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When should one see a psychiatrist?

September 26, 2006

Bollywood (and Hollywood) lore suggests that people seeking psychiatric help are either so violent that they need strait-jacketing, or they are blathering idiots unable to take care of themselves. It’s the simplistic black and white world of the movies where people are divided into two kinds, the normal and the barmy. While most of us know that this isn’t quite true, we might still be surprised to know of the broad spectrum of behavior requiring psychiatric treatment. It’s not just illnesses like schizophrenia and obsessive-compulsive disorders that need treatment but also depression, anxiety, panic attacks, addictions, eating and sleeping disorders, and borderline personality disorders.

Not all sufferers seek help, either because they feel they can cope, or because they think that going to a psychiatrist is a sign of weakness or…madness. This is far from the truth. ‘Most people who visit a psychiatrist these days work, get married, and function as respectable citizens in society,’ says Dr. Bhupesh Velaskar, psychiatrist. The important thing is to recognise the symptoms and seek treatment before there are unpleasant consequences.

It’s possible to recognise the tell-tale signs. For example if a person feels low and disinterested in life, isolates himself from people and has thoughts of death, he needs help. At times a person maybe consumed with powerful emotions like violent rage, racking guilt, or intense jealousy, and the inability to control these emotions results in conduct unacceptable in society, like aggression, hostility and even violence. At times it’s an acute lack of self-esteem and feelings of rejection which cause self-destructive behavior. All this emotional distress can result in a lack of concentration and judgment. ‘When relationships and work is affected because awareness of oneself and surroundings is defective, behavior is bizarre or uncontrollable, judgment in social situations is off the mark, and you perceive things which others don’t, you need help,’ says Dr. Velaskar.

Psychological problems can manifest themselves in physical symptoms as well. ‘Aches, pains and severe exhaustion can be a symptom of depression,’ says Dr. Harish Shetty, social psychiatrist. Palpitations, sweating, tightness of chest can be caused in a panic attack. Sufferers do not hesitate to rush to their GP with such symptoms because it’s alright to admit to a migraine or constipation, but not to depression. And when treatment fails, it’s the family doctor who has to gently tell the patient to see a mental health professional.

People who have never had a psychological illness are the last to realise that they need help, specially if the distress they suffer is triggered by an external event like loss or trauma, or is caused by another person’s behavior. ‘Some psychological problems are caused by loss of a loved one through death, separation, divorce, loss of expectation (cannot have a baby), loss of job or because of physical incapacity due to illness or accident,’ says Ameeta Sanghavi Shah, psychotherapist. When people resist recognising that they need help they can make their situation worse ‘with use of escape measures like addictions or somatize their feelings with body aches, fatigue, head-aches or project their problems on others,’ says Shah.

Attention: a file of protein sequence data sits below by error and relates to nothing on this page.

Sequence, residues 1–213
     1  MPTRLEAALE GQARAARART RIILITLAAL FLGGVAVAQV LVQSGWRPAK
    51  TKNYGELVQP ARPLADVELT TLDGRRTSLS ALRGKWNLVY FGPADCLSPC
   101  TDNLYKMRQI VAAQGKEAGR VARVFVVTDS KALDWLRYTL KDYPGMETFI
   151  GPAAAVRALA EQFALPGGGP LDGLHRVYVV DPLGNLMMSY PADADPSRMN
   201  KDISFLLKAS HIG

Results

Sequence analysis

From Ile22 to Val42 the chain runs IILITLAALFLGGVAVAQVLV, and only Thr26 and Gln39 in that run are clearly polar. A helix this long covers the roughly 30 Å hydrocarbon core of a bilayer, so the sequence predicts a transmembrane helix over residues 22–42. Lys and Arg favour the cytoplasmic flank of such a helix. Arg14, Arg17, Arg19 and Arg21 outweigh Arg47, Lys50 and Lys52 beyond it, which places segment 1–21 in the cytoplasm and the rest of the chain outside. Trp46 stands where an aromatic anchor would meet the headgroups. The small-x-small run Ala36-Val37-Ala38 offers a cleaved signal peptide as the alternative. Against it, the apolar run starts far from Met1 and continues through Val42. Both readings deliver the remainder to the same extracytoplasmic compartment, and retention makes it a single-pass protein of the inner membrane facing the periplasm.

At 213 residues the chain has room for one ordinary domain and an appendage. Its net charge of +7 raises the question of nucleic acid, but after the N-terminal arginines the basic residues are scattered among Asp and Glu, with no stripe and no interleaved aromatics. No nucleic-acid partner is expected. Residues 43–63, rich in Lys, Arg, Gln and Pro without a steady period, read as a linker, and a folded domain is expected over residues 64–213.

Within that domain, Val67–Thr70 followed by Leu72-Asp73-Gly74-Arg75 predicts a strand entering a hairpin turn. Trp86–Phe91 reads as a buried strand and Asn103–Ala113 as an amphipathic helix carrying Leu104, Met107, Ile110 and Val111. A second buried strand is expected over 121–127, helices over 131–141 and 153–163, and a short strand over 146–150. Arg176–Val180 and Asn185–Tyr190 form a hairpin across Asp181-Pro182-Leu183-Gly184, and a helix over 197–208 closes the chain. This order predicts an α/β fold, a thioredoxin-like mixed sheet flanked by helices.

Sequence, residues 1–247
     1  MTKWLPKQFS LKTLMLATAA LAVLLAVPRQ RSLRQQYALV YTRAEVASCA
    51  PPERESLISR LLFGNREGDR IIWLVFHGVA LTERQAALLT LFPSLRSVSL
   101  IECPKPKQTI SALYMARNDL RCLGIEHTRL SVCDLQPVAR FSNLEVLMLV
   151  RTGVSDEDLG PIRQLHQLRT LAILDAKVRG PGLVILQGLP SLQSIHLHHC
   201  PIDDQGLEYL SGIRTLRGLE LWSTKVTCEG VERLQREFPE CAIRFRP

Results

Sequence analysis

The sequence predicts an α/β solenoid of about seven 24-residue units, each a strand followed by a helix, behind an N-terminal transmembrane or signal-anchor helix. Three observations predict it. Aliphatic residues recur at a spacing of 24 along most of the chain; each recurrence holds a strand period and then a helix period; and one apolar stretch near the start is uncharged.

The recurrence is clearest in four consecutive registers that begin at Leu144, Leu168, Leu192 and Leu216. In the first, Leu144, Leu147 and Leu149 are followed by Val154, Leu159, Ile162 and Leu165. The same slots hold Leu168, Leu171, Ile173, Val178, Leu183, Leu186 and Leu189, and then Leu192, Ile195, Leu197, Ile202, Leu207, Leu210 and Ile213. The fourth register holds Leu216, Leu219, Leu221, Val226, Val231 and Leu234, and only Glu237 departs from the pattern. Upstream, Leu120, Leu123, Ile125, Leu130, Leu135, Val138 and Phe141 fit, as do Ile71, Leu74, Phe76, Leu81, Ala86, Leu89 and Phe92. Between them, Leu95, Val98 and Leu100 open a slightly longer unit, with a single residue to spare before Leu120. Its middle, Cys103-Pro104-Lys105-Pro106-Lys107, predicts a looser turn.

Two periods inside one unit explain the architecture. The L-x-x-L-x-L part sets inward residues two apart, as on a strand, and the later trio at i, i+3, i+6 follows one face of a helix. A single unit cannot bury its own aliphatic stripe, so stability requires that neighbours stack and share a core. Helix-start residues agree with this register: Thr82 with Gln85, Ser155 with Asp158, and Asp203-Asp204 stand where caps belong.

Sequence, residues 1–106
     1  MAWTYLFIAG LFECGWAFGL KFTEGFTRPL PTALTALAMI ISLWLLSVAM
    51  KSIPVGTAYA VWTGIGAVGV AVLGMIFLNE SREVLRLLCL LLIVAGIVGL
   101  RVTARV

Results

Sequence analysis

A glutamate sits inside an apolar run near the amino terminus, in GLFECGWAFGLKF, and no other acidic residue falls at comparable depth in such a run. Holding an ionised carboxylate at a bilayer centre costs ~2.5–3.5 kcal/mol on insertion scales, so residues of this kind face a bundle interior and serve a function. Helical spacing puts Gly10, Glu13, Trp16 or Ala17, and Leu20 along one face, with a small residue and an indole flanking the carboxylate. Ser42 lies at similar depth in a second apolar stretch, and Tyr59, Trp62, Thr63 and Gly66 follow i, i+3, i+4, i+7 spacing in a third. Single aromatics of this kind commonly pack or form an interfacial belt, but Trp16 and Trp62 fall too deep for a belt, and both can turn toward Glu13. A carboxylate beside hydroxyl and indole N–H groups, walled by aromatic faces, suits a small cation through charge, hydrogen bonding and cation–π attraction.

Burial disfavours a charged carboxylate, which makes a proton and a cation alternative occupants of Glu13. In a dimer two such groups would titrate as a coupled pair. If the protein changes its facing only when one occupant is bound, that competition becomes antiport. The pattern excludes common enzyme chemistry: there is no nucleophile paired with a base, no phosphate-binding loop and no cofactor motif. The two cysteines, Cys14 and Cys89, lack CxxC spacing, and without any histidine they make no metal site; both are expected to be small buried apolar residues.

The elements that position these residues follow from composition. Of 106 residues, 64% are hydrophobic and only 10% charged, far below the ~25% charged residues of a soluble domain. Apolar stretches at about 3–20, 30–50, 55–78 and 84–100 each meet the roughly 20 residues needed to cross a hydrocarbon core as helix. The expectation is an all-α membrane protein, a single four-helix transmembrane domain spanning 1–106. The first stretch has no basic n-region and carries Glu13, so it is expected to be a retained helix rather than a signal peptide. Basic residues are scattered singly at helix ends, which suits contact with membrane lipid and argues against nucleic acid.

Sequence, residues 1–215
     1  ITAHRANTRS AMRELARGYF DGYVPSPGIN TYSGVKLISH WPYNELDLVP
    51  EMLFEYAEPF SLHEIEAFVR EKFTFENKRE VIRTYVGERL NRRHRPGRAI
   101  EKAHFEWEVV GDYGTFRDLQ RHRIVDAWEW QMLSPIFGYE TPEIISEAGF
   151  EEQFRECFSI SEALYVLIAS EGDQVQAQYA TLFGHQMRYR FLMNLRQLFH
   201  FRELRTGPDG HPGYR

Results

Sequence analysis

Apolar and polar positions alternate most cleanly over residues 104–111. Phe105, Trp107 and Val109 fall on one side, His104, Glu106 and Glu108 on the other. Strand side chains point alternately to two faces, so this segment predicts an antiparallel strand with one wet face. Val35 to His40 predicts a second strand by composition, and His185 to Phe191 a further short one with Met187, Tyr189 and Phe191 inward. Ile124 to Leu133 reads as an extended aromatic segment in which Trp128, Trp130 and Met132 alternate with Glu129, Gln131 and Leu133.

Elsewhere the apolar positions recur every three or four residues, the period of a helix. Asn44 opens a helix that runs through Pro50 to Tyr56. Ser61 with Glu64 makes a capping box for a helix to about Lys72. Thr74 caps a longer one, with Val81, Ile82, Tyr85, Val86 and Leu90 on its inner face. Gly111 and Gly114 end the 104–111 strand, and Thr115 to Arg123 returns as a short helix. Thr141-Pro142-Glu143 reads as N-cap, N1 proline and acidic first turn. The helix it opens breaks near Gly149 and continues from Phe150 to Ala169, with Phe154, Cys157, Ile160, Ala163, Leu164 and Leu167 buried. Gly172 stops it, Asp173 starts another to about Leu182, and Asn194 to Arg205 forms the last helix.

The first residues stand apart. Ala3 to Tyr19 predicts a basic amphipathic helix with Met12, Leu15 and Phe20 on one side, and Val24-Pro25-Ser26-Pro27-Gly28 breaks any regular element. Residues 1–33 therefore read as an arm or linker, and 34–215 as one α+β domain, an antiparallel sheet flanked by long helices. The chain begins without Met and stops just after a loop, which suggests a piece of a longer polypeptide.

As a first step a sufferer can seek treatment from a therapist. A therapist helps identify the internal and external factors that contribute to the problem and also such internal and external factors that can help relieve the problem. At times however she has to direct the patient to a psychiatrist. ‘If the person is not responding to counselling, and symptoms endanger the well-being of oneself or others, if the person has suicidal thoughts, is unable to eat, rest or work, then he might need medication. In this case he has to see a psychiatrist,’ says Shah. Psychiatrists not only provide psychotherapy, they carry out diagnostic evaluations, assess physical problems, and if needed prescribe medications and arrange hospitalization.

Serious mental illnesses like schizophrenia where there are clear biological components, can only be treated by psychiatrists. Ofcourse to some extent, every psychiatric problem is influenced by the genes. ‘A mental illness is always an interplay of the genes, environment, age, type of stress and the support system available,’ points out Dr. Shetty.

Once one recognises that a psychiatrist’s office is not a place where the weak or crazy go for shock treatment or sedation, that it’s a place of refuge, a place where one can unburden one’s soul, then it becomes easy to go there. Even normal people like you and me might need to do that, at some point in our lives. No one is immune. Not celebrities. Or successful professionals. And well, if you can run to the doc at the hint of a sniffle, why not when your mind is under strain? It’s only when you get the help you need that you can lead the life you deserve, and live it to the fullest.

(Published in The Times of India in 2005)

Related Reading: Coping with depression and grief, Not eating the right foods affects mood.
More Reading on Mental Illness

12 Comments leave one →
  1. vishal permalink
    May 4, 2007 12:41 pm

    hello can any1 here find me the contact details of dr.harish shetty.

  2. Pranali permalink
    May 23, 2007 11:47 am

    Can anyone give me the contact details of Dr. Namrata Bijur?

  3. Wayne M permalink
    October 1, 2007 4:19 am

    Who should see a psychiatrist?
    I saw a new doctor last week and was asking him about signing some forms for protein supplements as I am on disability and can’t put on weight easily. I attend public meetings often and make a size-able contributions and have sharp analytical skills. It turns out the past doctor who I gave upon on, one and two years ago because of misdiagnosis is a friend of his as they are both from South Africa and have slight German accents. Why do i mention this, just for a description of them
    After five minutes, tops, he puts the abovre question to me. In response I ask him why he never attends city hall meetings or any other public meetings. He says I am accusing him. My social worker, a few days later laughed at his behavior as ridiculous.